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I've been a Canberran since moving here from Adelaide on the first day of 1980. I now live in suburban Duffy with my partner Louise Maher, ABC 666 radio and on-line journalist. Among my early memories is following Sleepy Lizards (Shinglebacks) around the paddocks north of Adelaide, guarded by the faithful bull terrier. I have always been passionate about the natural world, trying to understand how it works, how the nature of Australia came to be, and sharing those understandings. My especial passions are birds, orchids and mammals. For much of my life I have been a full-time naturalist, running bush tours, writing books etc, doing consultancies, presenting a regular radio slot on local ABC, chairing a government environment advisory committee and running adult education classes. Recently I have eased back somewhat, but am still writing, teaching, doing some radio work and running overseas tours - as part of my fascination with our Gondwanan origins I've been running tours to South America for the past decade. I was awarded the Australian Plants Society Award in 2001 and the Australian Natural History Medallion in 2006, both for services to education and conservation.

Thursday, 8 June 2017

Chepu: a hidden corner of Chile

The island of Chiloé lies off the coast of Chile, roughly a thousand kilometres south of Santiago. It is wild and wet (more than two metres of rain a year) and not really part of the tourist trail, but it is well worth spending time there. One of my favourite parts of the island is the Chepu district near the north-west coast, named for the Chepu River which flows through it.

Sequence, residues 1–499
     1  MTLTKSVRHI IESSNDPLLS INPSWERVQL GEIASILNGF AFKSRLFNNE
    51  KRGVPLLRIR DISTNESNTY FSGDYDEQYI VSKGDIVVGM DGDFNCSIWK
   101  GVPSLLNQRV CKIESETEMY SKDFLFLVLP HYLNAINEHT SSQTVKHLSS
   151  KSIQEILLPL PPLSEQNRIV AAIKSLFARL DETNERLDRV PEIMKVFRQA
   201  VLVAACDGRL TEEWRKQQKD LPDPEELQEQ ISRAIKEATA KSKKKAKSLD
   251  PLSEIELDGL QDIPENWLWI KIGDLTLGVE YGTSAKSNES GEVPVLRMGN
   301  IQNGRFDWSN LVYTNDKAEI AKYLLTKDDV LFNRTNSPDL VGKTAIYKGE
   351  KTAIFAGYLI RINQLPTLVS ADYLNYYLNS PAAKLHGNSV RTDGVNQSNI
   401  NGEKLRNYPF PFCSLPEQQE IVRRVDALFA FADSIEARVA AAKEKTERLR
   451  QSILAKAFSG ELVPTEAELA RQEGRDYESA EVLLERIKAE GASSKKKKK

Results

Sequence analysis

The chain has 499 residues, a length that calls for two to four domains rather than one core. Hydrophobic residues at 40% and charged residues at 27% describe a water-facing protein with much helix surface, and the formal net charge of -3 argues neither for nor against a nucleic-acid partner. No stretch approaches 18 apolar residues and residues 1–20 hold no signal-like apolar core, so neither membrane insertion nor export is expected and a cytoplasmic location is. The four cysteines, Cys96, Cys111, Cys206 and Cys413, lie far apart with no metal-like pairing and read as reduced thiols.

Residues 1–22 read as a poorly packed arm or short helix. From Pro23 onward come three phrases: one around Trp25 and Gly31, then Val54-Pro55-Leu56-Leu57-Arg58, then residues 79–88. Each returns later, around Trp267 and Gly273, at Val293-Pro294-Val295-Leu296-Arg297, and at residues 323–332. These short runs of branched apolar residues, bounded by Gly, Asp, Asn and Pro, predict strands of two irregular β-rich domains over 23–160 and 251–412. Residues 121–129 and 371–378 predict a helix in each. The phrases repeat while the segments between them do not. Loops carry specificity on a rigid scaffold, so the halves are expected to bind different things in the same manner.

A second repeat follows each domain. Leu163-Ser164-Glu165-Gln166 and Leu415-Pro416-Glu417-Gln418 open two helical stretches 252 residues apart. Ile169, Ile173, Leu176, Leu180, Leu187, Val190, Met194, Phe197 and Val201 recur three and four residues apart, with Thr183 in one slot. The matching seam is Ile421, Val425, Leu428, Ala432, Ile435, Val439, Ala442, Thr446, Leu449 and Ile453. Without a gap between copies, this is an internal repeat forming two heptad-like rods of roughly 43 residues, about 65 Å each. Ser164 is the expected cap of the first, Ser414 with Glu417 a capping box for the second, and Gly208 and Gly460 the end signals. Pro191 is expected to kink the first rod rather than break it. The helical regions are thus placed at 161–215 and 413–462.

Riverside forest along the Chepu River; behind the lower streamside forest is the distinctive
taller Nothofagus (Antarctic Beech) which dominates the island's forests.
The red arrow points to Chiloé, south of the port of Puerto Montt.

Chiloé, with the arrow indicating the approximate location of Chepu.
There are no state-run reserves in the immediate vicinity, but some local landholders have forest on their property and are willing to take people into it. One even boasts a little homemade 'railway' down the hill to the start of the forest!
Ingenious, but I'd not want to try it at any speed!


Tracks have been cut through dense high stands of bamboo, 'quila' locally; Pudu (diminutive deer) and skulking Magellanic Tapaculos flit across the openings. 
Quila towering over visitors.
In the forest it is dark, with 'Spanish moss'  and other epiphytes festooning the trunks, trying to get nearer to the light.
Bromeliad growing on Nothofagus trunk.
A climber, the lovely Luzuriaga polyphylla, family Philesiaceae (or possibly now Alstroemeriaceae).
The genus has a Gondwanan distribution, with three species in Patagonia and one in New Zealand.
Rubus geoides, family Rubiaceae, grows in wet situations - not hard to find in Patagonia!
Birds are hard to photograph in the dim light, but one bird stands out - the magnificent Magellanic Woodpecker is huge and its 'chopping' is unmistakable. Not for nothing is he known as 'el carpintero', the carpenter.
Male Magellanic Woodpecker Campephilus magellanicus; she has a black head.
This one was near the farmhouse.
Unidentified, but very impressive, cryptic grasshopper.

Painted Tree 'Iguana' (though it's not really!) Liolaemus pictus,